In the 17th century a Jesuit priest and a young companion are escorted through the wilderness of Quebec by Algonquin Indians to find a distant mission in the dead of winter. The Jesuit ... See full summary »
The story of King George VI of the United Kingdom of Great Britain and Northern Ireland, his impromptu ascension to the throne and the speech therapist who helped the unsure monarch become worthy of it.
Helena Bonham Carter
Western Australia, 1931. Government policy includes taking half-caste children from their Aboriginal mothers and sending them a thousand miles away to what amounts to indentured servitude, "to save them from themselves." Molly, Daisy, and Grace (two sisters and a cousin who are 14, 10, and 8) arrive at their Gulag and promptly escape, under Molly's lead. For days they walk north, following a fence that keeps rabbits from settlements, eluding a native tracker and the regional constabulary. Their pursuers take orders from the government's "chief protector of Aborigines," A.O. Neville, blinded by Anglo-Christian certainty, evolutionary world view and conventional wisdom. Can the girls survive? Written by
When Moodoo is first seen riding north along the Rabbit-Proof Fence to meet a police constable he's on the west of the fence. Shortly before the actual meeting he's on the east side of the fence. See more »
[in native language to her cousins]
This is your new home. We don't use that jabber here. You speak English.
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The painting songs sung by the Walpiri, Amatjere and Wangajunka women were not sacred songs, but were songs able to be performed in public. See more »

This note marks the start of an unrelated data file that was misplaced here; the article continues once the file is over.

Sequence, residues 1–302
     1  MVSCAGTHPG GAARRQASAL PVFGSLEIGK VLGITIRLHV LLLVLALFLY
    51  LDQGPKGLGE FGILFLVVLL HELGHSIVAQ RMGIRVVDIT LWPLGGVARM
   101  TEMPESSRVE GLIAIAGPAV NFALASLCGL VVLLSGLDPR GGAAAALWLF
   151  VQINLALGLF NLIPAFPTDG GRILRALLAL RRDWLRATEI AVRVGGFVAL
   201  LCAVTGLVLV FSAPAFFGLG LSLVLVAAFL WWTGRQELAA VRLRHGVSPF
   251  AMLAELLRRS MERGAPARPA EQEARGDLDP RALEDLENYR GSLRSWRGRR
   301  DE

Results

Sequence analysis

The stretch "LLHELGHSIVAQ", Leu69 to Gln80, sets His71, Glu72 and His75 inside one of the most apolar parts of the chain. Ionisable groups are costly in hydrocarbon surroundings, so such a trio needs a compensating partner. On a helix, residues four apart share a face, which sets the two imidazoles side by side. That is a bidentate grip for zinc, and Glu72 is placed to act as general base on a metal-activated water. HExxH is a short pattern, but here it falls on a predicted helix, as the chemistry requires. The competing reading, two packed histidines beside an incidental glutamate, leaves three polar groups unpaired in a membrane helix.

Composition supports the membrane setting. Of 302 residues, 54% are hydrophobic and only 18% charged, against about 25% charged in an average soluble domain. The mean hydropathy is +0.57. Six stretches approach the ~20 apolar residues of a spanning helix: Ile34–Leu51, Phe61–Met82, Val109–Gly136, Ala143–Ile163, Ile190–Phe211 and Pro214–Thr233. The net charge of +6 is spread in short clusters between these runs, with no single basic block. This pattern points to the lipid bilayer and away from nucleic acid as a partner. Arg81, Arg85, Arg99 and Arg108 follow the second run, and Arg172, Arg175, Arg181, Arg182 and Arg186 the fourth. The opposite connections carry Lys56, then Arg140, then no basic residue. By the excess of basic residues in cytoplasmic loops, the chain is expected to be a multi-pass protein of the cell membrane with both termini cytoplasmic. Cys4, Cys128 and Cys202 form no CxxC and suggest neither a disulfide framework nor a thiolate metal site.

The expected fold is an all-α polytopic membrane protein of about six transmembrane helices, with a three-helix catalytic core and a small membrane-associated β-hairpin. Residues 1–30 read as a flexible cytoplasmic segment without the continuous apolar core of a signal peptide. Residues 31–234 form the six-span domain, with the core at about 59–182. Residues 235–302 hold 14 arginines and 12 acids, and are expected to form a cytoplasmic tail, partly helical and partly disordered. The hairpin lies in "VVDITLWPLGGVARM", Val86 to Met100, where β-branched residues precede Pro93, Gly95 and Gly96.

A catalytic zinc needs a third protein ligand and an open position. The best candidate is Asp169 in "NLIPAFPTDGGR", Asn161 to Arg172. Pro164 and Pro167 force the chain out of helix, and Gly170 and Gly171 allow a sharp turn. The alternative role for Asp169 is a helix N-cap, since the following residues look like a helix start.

All Things Bright and Beautiful
Music by William H. Monk
Lyrics by Cecil F. Alexander, from "Hymns for Little Children" (1838)
Sung offscreen in church at the Moore River Settlement See more »
Statement movie about a bad chapter in Australian history
Official policy between 1910 and 1970 in Australia allowed half-caste Aborigine children to be forcibly removed from their families and incarcerated for their own' good in training schools where their were educated to become fitting servants for white families. This institutionalised eugenics, still recent enough to be remembered by its victims, is still a controversial issue in Australia where the PM John Howard refuses to give an official apology. The film has been doing very well in Australia. The story follows three such girls who are forcibly re-located but escape, and follow the rabbit-proof fence' on a 1500 mile journey back home. The title itself seems to echo not only the yellow brick road of the Wizard of Oz (another journey to reclaim one's wholeness) but the fence that was erected to contain animals which is just how the Aborigine children are treated, albeit with the best intentions. The story was adapted from a book by the daughter of the youngest surviving half-cast Aborigine portrayed in the film the actual child actors had mostly never seen a motion picture before let alone acted in one.
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